By Ethan Lewis, MSW –
March is National Professional Social Work Month and at Family Counseling Services, we very much appreciate our social workers. Social workers are an integral part of all of our services including our mental health and chemical dependency counselors, our prevention staff, and our LGBTQ Center staff. Social workers stand up for millions of people every day.
But what is social work and what do social workers do? The answer is much more complicated than one would imagine. According to the National Association of Social Workers, “Social workers are highly trained and experienced professionals. Only those who have earned social work degrees at the bachelor’s, master’s or doctoral levels—and completed a minimum number of hours in supervised fieldwork—are professional social workers.” Many social workers go on to be licensed by their respective state to practice social work and continue to go to professional trainings to further enhance their education. Some social workers may even choose to specialize their practice and may choose to work only with youth, families, or older adults.
But what do social workers do? Social workers do a variety of jobs within our community. Some social workers are mental health professionals focusing on individual, family, or group therapy. These social workers may work in an organization like Family Counseling Services, school districts, county agencies, or they may have their own private practice. These positions are generally referred to as micro social work. A micro social worker may also work in case management, chemical dependency, family support, or facilitate instructional support in academic settings. Another type of social work is called mezzo social work. They will often work with groups, neighborhoods, and communities. Finally, there are macro social workers. Macro social work focuses on solving social issues on a larger scale which may include research, creating policy or law changes, or advocating for civil rights.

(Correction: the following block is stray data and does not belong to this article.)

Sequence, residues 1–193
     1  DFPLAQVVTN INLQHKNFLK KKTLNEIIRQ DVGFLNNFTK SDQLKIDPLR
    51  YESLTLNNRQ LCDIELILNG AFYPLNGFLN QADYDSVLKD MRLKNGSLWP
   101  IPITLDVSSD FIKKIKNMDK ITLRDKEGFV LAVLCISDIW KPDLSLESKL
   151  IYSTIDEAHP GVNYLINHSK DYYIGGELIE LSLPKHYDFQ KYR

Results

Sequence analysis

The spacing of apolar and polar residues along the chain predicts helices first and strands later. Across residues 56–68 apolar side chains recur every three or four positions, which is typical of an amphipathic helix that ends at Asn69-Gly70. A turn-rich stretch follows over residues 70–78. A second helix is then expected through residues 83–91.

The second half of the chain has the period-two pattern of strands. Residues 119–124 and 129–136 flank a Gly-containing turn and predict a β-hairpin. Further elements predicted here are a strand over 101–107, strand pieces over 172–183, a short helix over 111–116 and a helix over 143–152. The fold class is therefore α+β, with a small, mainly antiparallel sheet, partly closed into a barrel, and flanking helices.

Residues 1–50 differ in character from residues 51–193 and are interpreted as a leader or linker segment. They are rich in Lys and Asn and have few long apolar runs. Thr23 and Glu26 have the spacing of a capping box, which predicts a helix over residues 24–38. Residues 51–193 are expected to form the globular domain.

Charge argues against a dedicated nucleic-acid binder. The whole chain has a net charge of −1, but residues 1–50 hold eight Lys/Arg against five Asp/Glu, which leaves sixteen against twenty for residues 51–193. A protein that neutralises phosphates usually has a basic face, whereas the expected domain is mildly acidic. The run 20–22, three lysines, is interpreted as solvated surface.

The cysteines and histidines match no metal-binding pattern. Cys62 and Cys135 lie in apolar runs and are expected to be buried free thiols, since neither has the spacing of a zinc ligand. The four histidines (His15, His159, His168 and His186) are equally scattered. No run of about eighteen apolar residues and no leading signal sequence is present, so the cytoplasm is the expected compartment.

Though these distinctions exist, social workers often work in more than one field. The same social worker who is working with a family with issues related to trauma may also be advocating for policy changes to help the family stay together. Many social workers go to school for a more general practice and learn micro, mezzo, and macro social work styles. Social workers go into a variety of fields of work and can be found in many different nonprofit or governmental agencies locally, state wide, and nationally.
Social workers have been at the forefront of many of the major progressive victories of the 20th and 21st centuries including the end of child labor, advocating for the rights of people with disabilities, and creating laws against child abuse. Modern social workers continue to advocate for health care reform, LGBTQ rights, and for the rights of people with mental illness. There have been many famous social workers throughout history including Jane Addams (who advocated for the rights of women and children), Frances Perkins (who advocated for workplace safety and creating a social safety net for the poor), and Edith Abbott (who advocated for changes in the social welfare system).
We are delighted to celebrate National Professional Social Worker Month. Social workers contribute to the betterment of our families, our communities, and our nation. We are thankful for all the social workers in our community and the amazing work they do.
Ethan Lewis is an Educator and Prevention Specialist with the Cortland LGBTQ Center, a division of Family Counseling Services.